Getting Started With Apache Camel Part 1
Getting Started With Apache Camel Part 1
Looking to get up and running with Apache Camel? Have a look how to start a basic Camel project and what tools are available.
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Apache Camel is an open-source software integration framework implementing the patterns described in the Enterprise Integration Patterns book.
The detailed description of the framework can be found on its official website.
In this tutorial, we will have a look how to start a basic Camel project and what tools are available.
Creating a Basic Apache Camel Project
There are multiple ways of starting a new project using Apache Camel. We will first start with the simplest possible empty Java project and add Camel as a dependency. To do that, first we need to execute the following command:
The above command will generate an empty Java application using the
maven-archetype-quickstart Maven archetype.
The first thing we need to do is adding the Apache Camel library to the pom.xml dependencies file. It should look as follows:
I will also require a camel.version variable to be defined in the properties section of the pom.xml file, like so:
Altogether, the file should look like the following:
At this point, the directory structure should look like this:
Creating Camel Context
Camel context provides the runtime environment for the whole Apache Camel application. Usually, we will create one context per application and all Camel routes will be executed within the context.
We will set up a simple application where the context will be started when we run the application. After that we will let the context run for couple of seconds and then we will shut it down - this is not what you would do normally in the production environment, but we can have it as such to be able to play around with it.
We will open the App.jave file and modify it to look as follows:
Most notable thing happening above are:
1. Importing packages which will be used
2. Creating a default Camel context:
3. Adding a route to the context:
4. Starting and stopping the context:
Camel context implements a Java Service lifecycle interface so it has
stop() methods. In addition to that, it implements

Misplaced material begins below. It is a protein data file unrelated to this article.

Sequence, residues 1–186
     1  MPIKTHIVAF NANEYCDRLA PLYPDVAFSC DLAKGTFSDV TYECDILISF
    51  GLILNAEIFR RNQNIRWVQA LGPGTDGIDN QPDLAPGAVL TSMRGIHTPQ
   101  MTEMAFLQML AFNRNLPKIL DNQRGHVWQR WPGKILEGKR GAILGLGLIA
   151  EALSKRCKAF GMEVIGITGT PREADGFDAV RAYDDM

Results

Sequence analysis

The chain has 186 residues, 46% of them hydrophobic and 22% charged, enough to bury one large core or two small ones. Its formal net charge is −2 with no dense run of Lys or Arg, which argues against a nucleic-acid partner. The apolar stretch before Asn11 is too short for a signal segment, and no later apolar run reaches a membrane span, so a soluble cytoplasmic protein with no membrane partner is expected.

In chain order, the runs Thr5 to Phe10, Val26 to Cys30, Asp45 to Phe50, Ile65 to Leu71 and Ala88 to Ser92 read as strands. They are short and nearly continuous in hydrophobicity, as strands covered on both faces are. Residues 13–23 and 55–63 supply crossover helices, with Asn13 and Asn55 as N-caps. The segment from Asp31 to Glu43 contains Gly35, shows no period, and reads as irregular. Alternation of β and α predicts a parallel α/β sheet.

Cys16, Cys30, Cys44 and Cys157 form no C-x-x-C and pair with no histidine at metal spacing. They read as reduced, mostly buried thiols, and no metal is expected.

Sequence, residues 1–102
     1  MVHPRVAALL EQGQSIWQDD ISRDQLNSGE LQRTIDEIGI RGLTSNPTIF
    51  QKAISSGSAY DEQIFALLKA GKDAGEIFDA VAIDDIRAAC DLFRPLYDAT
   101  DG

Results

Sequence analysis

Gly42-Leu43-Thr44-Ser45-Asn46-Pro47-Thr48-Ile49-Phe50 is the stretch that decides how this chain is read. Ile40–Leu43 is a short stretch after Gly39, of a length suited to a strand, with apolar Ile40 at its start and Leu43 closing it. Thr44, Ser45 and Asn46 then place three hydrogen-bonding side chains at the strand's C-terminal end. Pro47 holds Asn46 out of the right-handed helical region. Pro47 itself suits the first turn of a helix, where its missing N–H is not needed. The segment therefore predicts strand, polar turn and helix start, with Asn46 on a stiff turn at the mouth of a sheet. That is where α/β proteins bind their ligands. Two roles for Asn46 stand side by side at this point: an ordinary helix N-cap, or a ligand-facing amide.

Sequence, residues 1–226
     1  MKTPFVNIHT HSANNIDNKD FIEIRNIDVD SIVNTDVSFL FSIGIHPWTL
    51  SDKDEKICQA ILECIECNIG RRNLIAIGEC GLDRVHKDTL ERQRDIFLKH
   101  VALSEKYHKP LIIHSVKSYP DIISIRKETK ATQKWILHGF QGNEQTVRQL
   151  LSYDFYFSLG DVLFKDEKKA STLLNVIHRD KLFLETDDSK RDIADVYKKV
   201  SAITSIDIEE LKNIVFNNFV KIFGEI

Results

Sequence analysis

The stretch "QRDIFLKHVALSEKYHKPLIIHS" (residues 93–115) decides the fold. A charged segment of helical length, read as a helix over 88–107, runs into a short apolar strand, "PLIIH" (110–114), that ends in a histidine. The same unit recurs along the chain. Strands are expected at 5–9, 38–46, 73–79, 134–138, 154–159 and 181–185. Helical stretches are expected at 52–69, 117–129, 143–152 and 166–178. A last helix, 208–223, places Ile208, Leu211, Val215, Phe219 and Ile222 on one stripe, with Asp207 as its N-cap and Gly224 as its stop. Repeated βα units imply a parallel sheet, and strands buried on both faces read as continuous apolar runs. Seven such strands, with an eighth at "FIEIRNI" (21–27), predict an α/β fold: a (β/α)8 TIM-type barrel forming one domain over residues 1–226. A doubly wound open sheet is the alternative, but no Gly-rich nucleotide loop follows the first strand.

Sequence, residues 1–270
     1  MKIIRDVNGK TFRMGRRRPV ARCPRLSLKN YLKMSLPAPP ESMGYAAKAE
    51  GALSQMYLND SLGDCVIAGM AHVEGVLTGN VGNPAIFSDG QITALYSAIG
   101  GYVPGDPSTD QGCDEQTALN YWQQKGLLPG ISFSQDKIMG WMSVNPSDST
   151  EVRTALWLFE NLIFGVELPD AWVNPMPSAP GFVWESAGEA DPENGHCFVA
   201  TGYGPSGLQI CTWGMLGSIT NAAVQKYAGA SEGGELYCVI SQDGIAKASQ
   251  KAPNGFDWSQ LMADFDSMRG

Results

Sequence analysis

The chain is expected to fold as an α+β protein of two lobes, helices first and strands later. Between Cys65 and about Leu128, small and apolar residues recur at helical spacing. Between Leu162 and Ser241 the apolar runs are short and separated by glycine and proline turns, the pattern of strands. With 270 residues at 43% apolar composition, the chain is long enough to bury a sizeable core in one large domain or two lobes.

resume() methods so it is convenient and easy to manage the context lifecycle. From the Apache Camel official website:
The operations is paired: start/stop and suspend/resume.
Stop is performing a Graceful shutdown which means all its internal state, cache, etc is cleared. And the routes is being stopped in a graceful manner to ensure messages are given time to complete. If you start a
CamelContextafter a stop, then its performing a cold start, recreating all the state, cache etc. again.
Also, worth mentioning is the route itself. In the example above, we have created a very simple route which will take the contents of the
in.csv file from the current directory and copy all the contents for the
out.csv file in the same directory. The
noop=true parameter tells Camel not to do anything with the file. Without this option Camel would move the the file into
.camel directory after processing it.
We can now build, and run the application to see it working. First, we need to create some dummy data and put it in the
in.csv file (the content of the file does not matter at this moment).
When that's done we can execute the application with the following Maven command:
We should see the standard maven output followed by the following:
Also if we list the current directory now we should see a new file called
out.csv with the same contents that were put inside the
In the article we explored how to build and run a simple, basic application using Apache Camel.
There are multiple other ways to start a Camel application from scratch (eg. using the Maven Camel archetype or Camel Spring Boot archetype) but the purpose of this article was to show how to build Camel application from ground up without using automatically generated code so that it is more understandable how are all the components wired together and how the Camel application works.
Published at DZone with permission of Krzysztof Kaczmarczyk . See the original article here.
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